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4.5 out of 5 stars21
4.5 out of 5 stars
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This was Ruth Ozeki's second novel, first published in 2003, and as I thoroughly enjoyed A Tale for the Time Being I thought I would give it a go. This is exquisitely crafted and the main plot takes place in 1999, although it does describe some events that happened for instance in 1974.

In Liberty Falls, Idaho, Lloyd Fuller is seriously ill and needs constant attention as does his wife Momoko, who is seemingly suffering with Alzheimer's. At the next farm along live Cass with her husband, and she manages to track down the Fuller's daughter, Yumi, otherwise known as Yummy.

Cass was Yumi's friend from when she was younger, but no one has actually seen Yumi since she ran away from home in 1974, aged just fourteen. As Yumi makes her way home to the Fuller house a bunch of eco-activists are also getting ready to converge on the house, as they have taken to Lloyd, and think of him as a guru. Yumi has brought her three children with her, and the activists are out to educate people on how potatoes are being genetically modified. With Elliot, the former lover of Yumi also coming into the area, there is a lot happening in this story.

We have a lot to ponder within these pages, what with the questions surrounding genetic modification to food, and on top of that the relationships between family and friends. Yumi is only coming to visit, but as you will see, her stay is slightly longer than anticipated. This could have been very stiff and quite boring, but instead Ruth Ozeki has crafted something that is very thoughtful, quite comedic in places, and also sometimes sad. In all this is an exquisite book to read, showing life from start to finish, both from a human perspective, and also from that of a seed. This isn't a quick read and is something that you can really indulge in and enjoy, especially as for instance Yumi is very dysfunctional. For a book group this would make a perfect choice, simply as there is so much to discuss.

If you are looking for something that is both thoughtful and serious, but also showing the funny side of life as well, this could be just what you are looking for; it is a real pleasure to read.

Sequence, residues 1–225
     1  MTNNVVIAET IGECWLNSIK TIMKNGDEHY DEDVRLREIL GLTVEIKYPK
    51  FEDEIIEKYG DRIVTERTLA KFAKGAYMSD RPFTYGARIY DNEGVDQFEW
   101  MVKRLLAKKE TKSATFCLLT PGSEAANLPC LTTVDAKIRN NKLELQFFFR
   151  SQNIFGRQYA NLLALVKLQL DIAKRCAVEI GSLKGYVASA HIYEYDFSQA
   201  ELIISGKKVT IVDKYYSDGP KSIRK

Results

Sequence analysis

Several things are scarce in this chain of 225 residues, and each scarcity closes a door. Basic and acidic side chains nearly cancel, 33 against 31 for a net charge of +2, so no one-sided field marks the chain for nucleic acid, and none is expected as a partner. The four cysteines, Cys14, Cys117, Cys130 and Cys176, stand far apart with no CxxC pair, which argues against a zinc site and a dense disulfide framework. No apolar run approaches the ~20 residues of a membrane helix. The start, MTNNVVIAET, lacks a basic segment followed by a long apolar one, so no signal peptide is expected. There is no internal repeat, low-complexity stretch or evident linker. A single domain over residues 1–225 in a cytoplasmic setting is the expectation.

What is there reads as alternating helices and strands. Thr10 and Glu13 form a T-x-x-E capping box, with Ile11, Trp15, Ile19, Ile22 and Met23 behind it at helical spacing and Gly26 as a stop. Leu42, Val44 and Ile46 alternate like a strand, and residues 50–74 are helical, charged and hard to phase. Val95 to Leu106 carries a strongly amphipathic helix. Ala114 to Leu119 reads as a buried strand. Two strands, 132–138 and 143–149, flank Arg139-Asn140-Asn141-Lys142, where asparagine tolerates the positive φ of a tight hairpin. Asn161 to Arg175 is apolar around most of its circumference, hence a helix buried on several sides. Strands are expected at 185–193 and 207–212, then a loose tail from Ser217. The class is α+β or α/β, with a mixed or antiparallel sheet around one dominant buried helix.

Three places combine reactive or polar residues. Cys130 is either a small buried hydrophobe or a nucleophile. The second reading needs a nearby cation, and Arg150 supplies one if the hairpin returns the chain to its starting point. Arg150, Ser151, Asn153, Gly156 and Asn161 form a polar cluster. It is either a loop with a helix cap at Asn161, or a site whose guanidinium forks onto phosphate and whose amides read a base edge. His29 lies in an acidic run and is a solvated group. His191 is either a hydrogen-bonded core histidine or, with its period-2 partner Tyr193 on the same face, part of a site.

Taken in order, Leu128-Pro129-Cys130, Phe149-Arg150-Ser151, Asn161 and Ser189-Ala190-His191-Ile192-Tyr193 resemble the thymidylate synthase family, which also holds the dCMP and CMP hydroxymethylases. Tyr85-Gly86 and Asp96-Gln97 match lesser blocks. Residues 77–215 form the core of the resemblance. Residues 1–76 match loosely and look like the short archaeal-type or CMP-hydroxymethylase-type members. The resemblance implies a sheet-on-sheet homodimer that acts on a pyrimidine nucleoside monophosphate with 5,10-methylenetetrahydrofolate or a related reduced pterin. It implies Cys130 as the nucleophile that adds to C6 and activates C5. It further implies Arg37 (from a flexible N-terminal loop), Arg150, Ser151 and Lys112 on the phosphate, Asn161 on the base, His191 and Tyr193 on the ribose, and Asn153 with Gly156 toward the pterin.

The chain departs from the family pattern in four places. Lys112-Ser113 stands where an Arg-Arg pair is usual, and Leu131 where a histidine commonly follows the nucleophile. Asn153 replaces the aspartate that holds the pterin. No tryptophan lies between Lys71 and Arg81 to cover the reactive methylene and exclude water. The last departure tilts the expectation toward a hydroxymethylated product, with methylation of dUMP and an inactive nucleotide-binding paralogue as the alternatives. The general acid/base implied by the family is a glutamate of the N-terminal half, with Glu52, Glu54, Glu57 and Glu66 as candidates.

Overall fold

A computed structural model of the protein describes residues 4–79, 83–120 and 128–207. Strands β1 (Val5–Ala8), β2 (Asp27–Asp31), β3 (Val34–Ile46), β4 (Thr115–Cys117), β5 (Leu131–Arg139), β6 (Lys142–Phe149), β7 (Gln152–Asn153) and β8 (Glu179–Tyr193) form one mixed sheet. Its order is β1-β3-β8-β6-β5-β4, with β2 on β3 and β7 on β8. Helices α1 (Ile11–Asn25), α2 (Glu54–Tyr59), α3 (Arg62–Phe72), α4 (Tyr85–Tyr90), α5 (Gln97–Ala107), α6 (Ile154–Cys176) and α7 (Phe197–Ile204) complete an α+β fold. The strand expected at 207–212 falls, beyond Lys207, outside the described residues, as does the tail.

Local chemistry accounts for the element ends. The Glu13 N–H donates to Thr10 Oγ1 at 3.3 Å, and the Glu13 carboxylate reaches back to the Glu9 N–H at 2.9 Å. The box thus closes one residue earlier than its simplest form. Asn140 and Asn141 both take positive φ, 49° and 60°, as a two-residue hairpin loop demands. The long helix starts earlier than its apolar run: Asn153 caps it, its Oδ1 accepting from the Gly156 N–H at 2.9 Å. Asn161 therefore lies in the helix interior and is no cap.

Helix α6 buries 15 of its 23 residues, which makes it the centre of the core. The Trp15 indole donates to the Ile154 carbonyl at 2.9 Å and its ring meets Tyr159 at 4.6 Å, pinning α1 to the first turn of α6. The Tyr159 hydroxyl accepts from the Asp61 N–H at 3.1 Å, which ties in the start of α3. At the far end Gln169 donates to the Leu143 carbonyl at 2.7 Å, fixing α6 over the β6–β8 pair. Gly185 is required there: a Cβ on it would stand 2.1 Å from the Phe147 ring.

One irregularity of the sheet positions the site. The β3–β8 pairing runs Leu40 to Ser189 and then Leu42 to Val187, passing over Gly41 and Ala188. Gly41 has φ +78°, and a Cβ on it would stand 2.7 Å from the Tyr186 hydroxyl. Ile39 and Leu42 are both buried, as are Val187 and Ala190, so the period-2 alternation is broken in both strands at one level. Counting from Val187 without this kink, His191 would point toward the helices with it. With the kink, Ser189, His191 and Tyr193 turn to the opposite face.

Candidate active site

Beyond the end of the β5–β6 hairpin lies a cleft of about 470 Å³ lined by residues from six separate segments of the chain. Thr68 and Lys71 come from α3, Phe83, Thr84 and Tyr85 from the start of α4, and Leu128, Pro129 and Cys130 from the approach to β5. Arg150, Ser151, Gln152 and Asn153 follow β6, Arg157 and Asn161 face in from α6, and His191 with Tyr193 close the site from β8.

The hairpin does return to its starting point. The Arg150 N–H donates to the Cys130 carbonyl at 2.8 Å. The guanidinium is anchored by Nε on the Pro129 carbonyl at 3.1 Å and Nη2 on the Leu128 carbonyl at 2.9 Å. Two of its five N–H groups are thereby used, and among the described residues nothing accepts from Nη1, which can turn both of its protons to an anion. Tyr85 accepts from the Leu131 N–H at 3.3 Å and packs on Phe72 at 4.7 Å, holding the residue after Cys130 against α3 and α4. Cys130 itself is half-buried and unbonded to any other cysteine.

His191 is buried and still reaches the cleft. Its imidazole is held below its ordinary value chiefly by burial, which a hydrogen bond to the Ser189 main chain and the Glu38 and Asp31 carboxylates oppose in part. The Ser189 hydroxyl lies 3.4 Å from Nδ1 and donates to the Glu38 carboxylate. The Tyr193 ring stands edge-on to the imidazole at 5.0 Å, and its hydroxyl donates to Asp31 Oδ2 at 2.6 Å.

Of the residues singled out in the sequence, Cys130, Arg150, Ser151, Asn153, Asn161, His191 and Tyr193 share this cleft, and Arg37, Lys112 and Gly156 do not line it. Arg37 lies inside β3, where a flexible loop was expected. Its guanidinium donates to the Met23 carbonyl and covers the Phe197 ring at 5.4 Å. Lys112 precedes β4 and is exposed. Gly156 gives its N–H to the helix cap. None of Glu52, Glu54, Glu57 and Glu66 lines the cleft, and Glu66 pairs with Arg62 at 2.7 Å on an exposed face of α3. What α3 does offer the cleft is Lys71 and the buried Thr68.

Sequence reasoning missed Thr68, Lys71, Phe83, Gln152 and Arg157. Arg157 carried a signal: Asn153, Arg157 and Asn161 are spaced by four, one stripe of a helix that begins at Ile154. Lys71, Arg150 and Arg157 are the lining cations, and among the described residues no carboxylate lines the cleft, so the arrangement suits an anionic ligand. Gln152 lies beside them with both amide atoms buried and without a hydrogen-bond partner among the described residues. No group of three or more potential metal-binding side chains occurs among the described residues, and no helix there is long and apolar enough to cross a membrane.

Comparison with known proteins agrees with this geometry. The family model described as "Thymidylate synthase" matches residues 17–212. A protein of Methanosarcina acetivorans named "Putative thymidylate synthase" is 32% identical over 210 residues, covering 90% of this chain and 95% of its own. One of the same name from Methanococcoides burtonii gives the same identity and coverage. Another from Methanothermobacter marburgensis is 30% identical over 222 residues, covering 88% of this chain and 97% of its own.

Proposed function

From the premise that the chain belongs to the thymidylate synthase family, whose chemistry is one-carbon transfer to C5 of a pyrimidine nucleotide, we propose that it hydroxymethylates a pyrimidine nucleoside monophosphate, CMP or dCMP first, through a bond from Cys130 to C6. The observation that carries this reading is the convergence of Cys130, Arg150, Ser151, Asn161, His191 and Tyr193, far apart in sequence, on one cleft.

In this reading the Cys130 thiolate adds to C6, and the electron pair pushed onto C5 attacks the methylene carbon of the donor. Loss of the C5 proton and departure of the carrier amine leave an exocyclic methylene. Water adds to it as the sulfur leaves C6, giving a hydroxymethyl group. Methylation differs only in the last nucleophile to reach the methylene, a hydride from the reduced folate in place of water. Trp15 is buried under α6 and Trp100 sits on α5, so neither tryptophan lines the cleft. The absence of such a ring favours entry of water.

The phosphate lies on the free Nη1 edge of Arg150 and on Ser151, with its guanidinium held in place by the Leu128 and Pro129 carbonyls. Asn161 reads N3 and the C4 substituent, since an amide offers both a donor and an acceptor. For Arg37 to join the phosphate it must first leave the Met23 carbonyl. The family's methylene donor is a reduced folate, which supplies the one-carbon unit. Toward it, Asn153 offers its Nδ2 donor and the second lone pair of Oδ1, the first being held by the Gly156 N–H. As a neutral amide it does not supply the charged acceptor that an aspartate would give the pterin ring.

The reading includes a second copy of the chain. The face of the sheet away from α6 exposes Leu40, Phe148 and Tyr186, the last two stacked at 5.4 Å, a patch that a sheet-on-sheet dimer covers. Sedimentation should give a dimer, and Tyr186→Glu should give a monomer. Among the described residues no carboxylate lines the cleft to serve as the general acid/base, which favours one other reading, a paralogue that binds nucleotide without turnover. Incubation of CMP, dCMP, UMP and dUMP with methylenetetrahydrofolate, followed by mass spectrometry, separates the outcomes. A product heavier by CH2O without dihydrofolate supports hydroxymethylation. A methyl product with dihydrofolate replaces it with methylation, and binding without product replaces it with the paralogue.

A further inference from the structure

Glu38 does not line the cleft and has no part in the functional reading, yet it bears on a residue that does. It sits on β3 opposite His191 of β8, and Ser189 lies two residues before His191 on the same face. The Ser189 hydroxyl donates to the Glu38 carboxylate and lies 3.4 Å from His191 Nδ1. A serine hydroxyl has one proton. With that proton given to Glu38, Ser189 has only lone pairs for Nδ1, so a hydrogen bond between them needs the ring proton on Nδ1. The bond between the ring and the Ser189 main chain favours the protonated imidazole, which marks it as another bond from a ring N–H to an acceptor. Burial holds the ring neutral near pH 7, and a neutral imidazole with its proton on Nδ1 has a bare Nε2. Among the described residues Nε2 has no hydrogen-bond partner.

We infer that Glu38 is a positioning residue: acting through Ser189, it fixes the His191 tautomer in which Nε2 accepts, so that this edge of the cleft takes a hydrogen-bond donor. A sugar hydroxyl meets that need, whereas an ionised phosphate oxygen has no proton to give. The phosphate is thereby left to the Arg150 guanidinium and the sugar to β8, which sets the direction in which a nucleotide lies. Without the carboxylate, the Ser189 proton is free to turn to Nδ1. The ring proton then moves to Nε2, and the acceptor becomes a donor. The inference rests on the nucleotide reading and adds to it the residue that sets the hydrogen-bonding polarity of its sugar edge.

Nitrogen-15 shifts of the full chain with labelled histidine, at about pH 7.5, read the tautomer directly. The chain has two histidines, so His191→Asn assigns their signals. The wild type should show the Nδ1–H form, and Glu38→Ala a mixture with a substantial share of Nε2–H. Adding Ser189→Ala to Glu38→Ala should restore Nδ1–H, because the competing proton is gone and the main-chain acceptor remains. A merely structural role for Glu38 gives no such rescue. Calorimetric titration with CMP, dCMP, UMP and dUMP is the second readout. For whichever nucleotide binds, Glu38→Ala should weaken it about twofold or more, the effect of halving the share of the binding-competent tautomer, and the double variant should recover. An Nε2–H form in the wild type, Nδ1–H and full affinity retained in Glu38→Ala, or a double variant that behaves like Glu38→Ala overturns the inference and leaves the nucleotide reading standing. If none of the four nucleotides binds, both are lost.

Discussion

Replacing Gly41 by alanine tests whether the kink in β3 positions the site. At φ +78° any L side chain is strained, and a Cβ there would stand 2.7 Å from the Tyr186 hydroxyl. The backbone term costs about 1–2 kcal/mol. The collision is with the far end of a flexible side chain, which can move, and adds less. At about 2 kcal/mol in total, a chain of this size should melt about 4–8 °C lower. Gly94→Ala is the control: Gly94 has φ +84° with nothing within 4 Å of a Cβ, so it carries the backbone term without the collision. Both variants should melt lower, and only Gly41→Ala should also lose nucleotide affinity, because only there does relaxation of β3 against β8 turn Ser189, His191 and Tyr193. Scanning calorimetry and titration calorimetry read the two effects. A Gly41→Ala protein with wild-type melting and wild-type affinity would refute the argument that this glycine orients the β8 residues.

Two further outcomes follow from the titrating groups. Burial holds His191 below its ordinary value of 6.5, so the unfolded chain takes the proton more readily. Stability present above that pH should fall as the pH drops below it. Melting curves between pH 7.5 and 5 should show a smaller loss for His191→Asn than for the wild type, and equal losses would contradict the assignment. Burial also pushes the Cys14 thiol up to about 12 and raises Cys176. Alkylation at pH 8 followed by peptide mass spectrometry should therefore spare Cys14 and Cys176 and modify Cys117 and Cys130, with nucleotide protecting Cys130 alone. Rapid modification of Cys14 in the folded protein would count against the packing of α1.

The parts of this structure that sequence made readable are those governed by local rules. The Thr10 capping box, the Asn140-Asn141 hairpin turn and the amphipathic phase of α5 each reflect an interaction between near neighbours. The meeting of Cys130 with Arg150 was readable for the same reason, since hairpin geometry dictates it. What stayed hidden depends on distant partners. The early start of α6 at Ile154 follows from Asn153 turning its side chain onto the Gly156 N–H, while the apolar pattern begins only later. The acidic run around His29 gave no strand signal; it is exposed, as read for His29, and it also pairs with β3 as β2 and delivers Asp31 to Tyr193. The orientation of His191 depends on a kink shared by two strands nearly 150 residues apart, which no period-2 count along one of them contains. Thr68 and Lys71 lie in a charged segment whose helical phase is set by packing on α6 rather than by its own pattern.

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VINE VOICEon 22 September 2014
'All Over Creation' is Ozeki's second novel and unfolds over the potato farming lands of Idaho, USA in the late 90's. At the Fuller farm Yumi Fuller is the prodigal daughter returned to take the reigns on her parents potato harvest. Joining her are her three kids who flit in and out of periphery and her parents both battling with illnesses and nearing the end of their lives.

Creation, though, is not necessarily a tale or study of family life and dynamics - it is the potato that is at the forefront of debate. Alongside Yumi's narrative we have a bunch of kids fighting to spread the word of genetically modified crops and their detrimental effects on American's health. The kids eventually park up there camper van on the driveway of the Fuller farm and attempt a collaboration against large chemical companies.

Unfortunately, for me, the whole book became more of a leaflet on GM crops as opposed to a novel about family life that I was expecting. Having recently read and enjoyed Ozeki's 'A Tale for the Time Being' I was hoping for more of the same here with her earlier work; however that was not the case. If food conglomerates, farming, eco-fuel and the like are interesting to you then you might have fun here, however you'll have to get through an average narrative and story to get to the facts.
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on 17 May 2010